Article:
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Gachpar Sites



Pebnaw. To the left are some of the backrests of the Pebnaw chiefs. The large flat stone to the right is where the offerings brought from Falsew would be placed.


“For a long time, the people of Ulithi and the Outer Islands used to come by canoe—a fleet of canoes." William Yaad explains the sites of Gachpar and their relationship to the sawey and the tribute trips.

"They used to come from Chuuk, all the way down to Ulithi, bringing their offerings to Gachpar. The men from Pebnaw used to take all the offerings to the Men’s House in Gachpar. That Men’s House is called Falsew. That’s the name of the Men’s House. The meaning of this Falsew is the ‘number-one men’s house.’ Fal is Men’s House, sew means one, for number one. These are Ulithian words. And it’s number one for all the Outer Islands.

"Gachpar has two sections, Ariap and Falang. Falsew is located in Falang section, which has a relationship to Outer Islands—to Mogmog in Ulithi Atoll."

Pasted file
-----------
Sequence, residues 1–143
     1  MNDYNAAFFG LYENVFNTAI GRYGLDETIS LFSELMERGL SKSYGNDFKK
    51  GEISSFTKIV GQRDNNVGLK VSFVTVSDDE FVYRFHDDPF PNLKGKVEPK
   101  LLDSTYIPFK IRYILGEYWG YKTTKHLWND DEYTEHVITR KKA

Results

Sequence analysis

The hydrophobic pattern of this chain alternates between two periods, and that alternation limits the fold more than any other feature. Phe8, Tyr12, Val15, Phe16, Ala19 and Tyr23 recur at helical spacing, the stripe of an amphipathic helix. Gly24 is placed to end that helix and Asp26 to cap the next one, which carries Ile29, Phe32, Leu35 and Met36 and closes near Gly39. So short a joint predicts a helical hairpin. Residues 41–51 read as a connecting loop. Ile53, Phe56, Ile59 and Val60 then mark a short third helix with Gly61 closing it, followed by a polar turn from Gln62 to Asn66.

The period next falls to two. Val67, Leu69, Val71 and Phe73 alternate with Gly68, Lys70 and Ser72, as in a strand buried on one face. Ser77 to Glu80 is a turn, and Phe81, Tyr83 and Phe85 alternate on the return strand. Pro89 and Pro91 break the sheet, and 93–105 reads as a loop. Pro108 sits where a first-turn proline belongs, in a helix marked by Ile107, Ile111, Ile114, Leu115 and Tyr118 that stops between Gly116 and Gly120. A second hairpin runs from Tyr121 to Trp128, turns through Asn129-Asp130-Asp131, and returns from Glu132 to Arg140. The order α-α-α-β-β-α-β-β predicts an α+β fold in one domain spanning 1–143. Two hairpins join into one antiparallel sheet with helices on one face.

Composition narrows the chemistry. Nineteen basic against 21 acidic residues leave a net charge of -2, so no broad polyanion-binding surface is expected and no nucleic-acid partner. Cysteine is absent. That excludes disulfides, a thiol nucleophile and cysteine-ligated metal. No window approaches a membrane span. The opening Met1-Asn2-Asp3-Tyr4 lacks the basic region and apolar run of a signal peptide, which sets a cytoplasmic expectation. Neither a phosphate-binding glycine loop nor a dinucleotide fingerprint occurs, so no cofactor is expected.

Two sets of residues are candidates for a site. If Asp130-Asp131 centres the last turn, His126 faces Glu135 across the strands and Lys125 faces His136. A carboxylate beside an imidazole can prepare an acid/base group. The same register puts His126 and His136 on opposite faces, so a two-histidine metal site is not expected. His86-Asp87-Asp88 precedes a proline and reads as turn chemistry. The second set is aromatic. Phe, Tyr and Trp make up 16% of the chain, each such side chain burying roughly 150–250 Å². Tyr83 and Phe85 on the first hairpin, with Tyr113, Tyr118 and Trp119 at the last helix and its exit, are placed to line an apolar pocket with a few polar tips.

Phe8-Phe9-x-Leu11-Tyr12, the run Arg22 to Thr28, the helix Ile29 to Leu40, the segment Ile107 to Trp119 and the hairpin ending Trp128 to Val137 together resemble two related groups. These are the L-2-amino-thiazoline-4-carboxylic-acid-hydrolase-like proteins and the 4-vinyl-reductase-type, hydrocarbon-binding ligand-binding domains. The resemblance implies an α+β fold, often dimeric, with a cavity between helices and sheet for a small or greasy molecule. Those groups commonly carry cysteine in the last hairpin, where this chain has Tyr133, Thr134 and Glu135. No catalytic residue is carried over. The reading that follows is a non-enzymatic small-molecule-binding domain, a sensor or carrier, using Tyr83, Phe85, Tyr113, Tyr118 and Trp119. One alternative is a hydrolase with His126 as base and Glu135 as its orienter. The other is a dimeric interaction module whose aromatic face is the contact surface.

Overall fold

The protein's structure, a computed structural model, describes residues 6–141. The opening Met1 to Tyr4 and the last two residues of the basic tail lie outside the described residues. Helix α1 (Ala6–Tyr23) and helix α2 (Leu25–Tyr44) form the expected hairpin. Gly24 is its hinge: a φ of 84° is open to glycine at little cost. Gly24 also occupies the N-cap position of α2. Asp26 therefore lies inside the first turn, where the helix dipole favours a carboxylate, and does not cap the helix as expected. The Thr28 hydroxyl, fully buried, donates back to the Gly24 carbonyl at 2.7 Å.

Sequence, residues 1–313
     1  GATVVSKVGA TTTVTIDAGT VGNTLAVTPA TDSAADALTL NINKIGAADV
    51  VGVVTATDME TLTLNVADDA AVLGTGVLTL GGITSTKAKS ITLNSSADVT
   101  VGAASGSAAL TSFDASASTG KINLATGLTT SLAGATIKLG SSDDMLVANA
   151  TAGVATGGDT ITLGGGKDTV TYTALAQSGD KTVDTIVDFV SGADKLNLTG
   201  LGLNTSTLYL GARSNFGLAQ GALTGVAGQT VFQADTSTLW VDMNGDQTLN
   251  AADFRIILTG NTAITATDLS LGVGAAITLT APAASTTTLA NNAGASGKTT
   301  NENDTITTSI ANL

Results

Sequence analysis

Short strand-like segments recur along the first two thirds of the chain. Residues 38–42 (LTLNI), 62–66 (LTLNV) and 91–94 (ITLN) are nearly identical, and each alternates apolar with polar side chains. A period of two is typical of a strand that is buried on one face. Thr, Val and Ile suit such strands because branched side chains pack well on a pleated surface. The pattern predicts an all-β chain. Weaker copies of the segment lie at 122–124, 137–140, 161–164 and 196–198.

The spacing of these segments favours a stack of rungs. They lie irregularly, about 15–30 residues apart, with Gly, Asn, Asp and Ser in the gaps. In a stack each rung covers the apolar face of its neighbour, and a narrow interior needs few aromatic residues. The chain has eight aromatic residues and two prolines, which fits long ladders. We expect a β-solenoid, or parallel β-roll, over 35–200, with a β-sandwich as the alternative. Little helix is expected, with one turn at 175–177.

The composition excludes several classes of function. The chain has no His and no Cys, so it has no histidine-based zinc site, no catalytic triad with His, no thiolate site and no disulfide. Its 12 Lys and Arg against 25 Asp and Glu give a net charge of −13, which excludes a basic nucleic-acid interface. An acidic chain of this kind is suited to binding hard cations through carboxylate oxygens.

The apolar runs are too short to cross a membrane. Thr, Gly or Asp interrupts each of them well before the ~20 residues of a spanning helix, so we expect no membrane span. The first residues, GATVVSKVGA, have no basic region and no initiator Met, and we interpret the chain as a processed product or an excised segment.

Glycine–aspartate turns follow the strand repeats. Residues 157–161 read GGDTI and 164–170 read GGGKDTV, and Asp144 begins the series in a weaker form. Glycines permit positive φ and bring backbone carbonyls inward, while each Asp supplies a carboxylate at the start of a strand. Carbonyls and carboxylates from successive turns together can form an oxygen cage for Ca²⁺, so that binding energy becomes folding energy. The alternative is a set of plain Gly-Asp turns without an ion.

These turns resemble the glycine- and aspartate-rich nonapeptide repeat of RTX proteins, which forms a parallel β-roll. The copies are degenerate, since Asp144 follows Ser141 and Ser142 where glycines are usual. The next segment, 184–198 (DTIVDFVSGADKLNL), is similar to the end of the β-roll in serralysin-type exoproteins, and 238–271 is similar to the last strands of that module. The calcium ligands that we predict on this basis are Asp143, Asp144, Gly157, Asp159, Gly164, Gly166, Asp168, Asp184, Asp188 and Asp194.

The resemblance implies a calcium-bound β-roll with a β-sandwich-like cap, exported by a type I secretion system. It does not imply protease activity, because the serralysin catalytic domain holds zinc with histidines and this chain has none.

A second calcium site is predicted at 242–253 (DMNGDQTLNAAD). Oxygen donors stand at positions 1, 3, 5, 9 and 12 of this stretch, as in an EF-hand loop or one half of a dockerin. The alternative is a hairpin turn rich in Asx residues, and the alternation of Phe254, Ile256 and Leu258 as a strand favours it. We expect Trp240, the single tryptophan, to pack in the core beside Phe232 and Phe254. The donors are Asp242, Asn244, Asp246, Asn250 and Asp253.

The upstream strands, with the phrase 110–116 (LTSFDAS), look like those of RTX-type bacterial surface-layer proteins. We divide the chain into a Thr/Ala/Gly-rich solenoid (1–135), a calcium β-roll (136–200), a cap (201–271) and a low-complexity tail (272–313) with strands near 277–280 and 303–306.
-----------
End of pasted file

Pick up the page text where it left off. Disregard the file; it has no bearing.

“When they come to Yap and stay, all of them stay at club houses along the sea shore. And the high chief of Mogmog would come to the high chief of Pebnaw, and together they would go to the Falsew Men’s House. And there he gives the offerings to the high priest of Gachpar, and to all the chiefs in the Men’s House. He would give this offering from their islands.

“They would then take some of these offerings to, let’s say, the ‘House of Pebnaw’ and leave it there. And they had to hang it up for at least seven days, during which time they were not to eat fish and not to wear textiles or use the coconut oil on their hair. That is for this offering. It means that they are making themselves suffer, so the spirit will be good to them.



Shoreline of Gachpar, as photographed by Cordy in 1982.



Three of the stone backrests at Pebaw.


"You give the offerings to the chief for the spirit of this place, so that the spirit will love the Outer-Islands people: will not give them a sickness or epidemic or typhoons, anything like that. And will bring in more fishes, more coconuts; more women to be pregnant, to be more people.

"The Pebnaw council is about five or seven, all of them. This council, they used to live there and accept the offerings coming from the Men’s House, and to distribute them among themselves. This is after those seven days have passed. There are stone backrests for those people who are members of the Pebnaw council.

"The Pebnaw Council is from Gachpar. It includes the Chief and High Priest. I’m not talking about a Catholic or a Christian high priest, but local High Priest. And all the rest of the Pebnaw council."